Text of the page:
During the main session I met some of my fellow OPW interns. I had the chance to talk to the brilliant Mindy Preston, who worked on MirageOS’s network stack fixing bugs and implementing missing RFCs, about her experience and exchange opinions about ARM-based boards. I had the chance to take part in the final OPW/GSoC-related panel with her; it also featured the very professional GSoC intern Jyotsna Prakash, who worked on cloud API support for MirageOS by implementing cloud API bindings for OCaml, along with some of our mentors and Lars Kurth as a host. The panel gave us interns the chance to provide feedback to our mentors and to the program’s organization and to express our opinion about what we learned from it. It also covered very important aspects of participating in a large open-source project within a heterogeneous and just as big community: George Dunlap thoroughly explained the lights and shadows of Linus Torvalds’ approach to commenting bad code, while Konrad Wilk delivered a thoughtful insight about how cultural differences can influence the interaction between developers during software review.

What Did I Learn

Being able to attend the conference was a highly educational experience. It allowed me to get a better idea of how the community is organized, to get involved even more and hear about the experience of other attendees. I also could benefit from my mentor’s advice on how to interact with other developers. Having to speak in front of an audience also has always been one of the aspects of working on a project that I feared the most; the chance to take part in the panel and my mentor’s very useful advice make a huge addition to my experience and will allow me to fully exploit the opportunity to share my findings and my enthusiasm with others on future occasions.

As a final note, I’d like to thank my very patient mentor, Konrad Wilk, for allowing me to take part in OPW (even if I applied to him as a candidate on the very last day before the deadline) and for his invaluable guidance during the program; I’d like to thank also the GNOME Foundation and Xen Community Manager Lars Kurth for granting me the opportunity to attend the conference, and Elena Ufimtseva for giving me the benefit of her own experience. Last, but not least, I’d like to thank my always so helpful advisor, Paolo Valente, and Citrix Senior Engineer Dario Faggioli for introducing me to the internship program.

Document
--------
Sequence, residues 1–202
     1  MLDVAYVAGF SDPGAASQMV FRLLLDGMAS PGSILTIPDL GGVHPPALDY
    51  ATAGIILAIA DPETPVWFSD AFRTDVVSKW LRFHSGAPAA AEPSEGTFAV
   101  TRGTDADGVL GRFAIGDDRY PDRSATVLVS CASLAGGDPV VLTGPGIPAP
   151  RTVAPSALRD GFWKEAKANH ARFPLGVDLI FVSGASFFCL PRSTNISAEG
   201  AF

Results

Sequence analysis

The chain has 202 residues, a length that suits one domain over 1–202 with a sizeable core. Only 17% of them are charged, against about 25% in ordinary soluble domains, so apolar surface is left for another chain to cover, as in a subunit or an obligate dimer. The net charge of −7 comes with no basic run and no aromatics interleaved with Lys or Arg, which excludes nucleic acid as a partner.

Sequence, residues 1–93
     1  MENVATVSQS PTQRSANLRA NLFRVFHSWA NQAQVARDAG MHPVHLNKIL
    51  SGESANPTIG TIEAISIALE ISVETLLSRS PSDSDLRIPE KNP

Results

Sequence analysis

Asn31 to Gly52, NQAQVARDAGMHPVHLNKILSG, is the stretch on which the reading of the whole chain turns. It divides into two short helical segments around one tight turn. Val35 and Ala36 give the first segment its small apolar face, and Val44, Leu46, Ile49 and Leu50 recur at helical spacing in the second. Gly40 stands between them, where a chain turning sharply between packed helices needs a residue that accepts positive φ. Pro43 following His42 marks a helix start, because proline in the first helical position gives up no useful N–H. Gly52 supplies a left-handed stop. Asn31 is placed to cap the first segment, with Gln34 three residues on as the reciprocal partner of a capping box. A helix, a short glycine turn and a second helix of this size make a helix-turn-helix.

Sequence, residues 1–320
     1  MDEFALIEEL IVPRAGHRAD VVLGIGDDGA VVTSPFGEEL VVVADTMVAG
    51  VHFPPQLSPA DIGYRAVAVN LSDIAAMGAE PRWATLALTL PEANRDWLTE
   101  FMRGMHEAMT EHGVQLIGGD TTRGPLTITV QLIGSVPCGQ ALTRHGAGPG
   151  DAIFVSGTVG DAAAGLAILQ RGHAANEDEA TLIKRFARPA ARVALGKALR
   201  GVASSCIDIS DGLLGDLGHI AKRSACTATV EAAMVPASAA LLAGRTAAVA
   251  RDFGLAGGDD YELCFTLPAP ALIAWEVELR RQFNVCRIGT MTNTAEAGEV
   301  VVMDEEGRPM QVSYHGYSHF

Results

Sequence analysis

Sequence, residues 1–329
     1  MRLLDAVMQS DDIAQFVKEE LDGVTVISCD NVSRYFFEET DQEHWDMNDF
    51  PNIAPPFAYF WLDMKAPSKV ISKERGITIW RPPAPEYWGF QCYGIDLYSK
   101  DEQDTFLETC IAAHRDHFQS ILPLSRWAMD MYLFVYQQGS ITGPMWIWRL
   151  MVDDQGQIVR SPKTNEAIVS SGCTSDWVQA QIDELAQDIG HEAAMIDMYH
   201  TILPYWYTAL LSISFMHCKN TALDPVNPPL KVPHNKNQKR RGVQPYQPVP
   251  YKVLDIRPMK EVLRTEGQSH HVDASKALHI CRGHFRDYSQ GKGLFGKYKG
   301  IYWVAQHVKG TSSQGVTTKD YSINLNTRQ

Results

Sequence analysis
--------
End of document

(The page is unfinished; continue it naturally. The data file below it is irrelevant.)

Links

Xen Developer Summit – Chicago, 2014 – Schedule
Slides used for many of the talks (Xen Project’s official SlideShare)

Xen Project @ FOSDEM’14: an Event Report

As usual, the first weekend of February (1st & 2nd Feb this year) is FOSDEM weekend. Taking place at “ULB Solbosch Campus, Brussels, Belgium, Europe, Earth”, FOSDEM is the Open Source event of the year. At least for Europe: the website claims that FOSDEM hosts 5,000+ geeks and hackers and 512 lectures!

But it doesn’t stop here: the main wireless network provided (essid FOSDEM) was IPv6 only… as announced in the opening keynote(video at online already!). And in fact it took a while for me to figure out why my Android phone could connect but not get any IP ?!?!

Like 20140202_100927_good last year, I went to FOSDEM to see all the cool stuff and to help man the The Xen Project booth. Although this time I also had a my own talk to deliver. This was only my second FOSDEM, so this may still be my “nubiennes” talking, but it is really hard to describe how big and amazing the event is. Even more so, if you consider it is entirely run and organized by volunteers. And members of the Xen Project helped organize parts of FOSDEM beyond our booth : Ian Jackson and Tim Mackey were Video Volunteers and Lars Kurth helped organize a DevRoom.

It is amazing to have the chance to choose from such a huge amount of super high quality talks and presentations. It is great to see what the most thriving Open Source projects have to show off at their booths, in the exposition area, and to collect some gadgets. Being one of those, The Xen Project was giving away T-Shirts and some other gadgets, for free (some project use FOSDEM to raise funds). And that, like last year, has been quite a success!

T-Shirts 20140201_114724_goodapart, this year we decided we really wanted to do our best to show everyone what Xen is really capable of. That is why we decided to invite community members to host demos. It was an experiment: and it has been a great success! Basically, we invited Xen related projects and or companies that use Xen for their solutions and products, to submit a request for an exclusive slot at the booth. They would then show what they do to FOSDEM attendees. I’m calling it a success because we were fully booked and able to show demos of the following projects: Xen on an Android tablet (a SAMSUNG NEXUS 10), Xen Orchestra, Mirage OS, OSv, Qubes OS and ClickOS. I think we really should do this again next year. I ran the QubesOS demo myself, and it was very pleasant to notice people appreciating what high level of isolation and security this very special Linux distribution provides. It leverages some of the most advanced Xen features, such as stub and driver domains (a couple of people were amazed when I showed them how untrusted PDF conversion works in Qubes! :-D). The presence of two Cloud Operating Systems, MirageOS and OSv (both running on top of Xen, of course) also raised quite some interest. Many attendees were impressed about the responsiveness of SAMSUNG’s solution for virtualizing the GPU in their dual Android tablet demo and the performances and the super quick boot time of ClickOS. Others liked the clean and effective interface of Xen Orchestra. One person even commented that Xen Orchestra looks more impressive than what VMWare provides.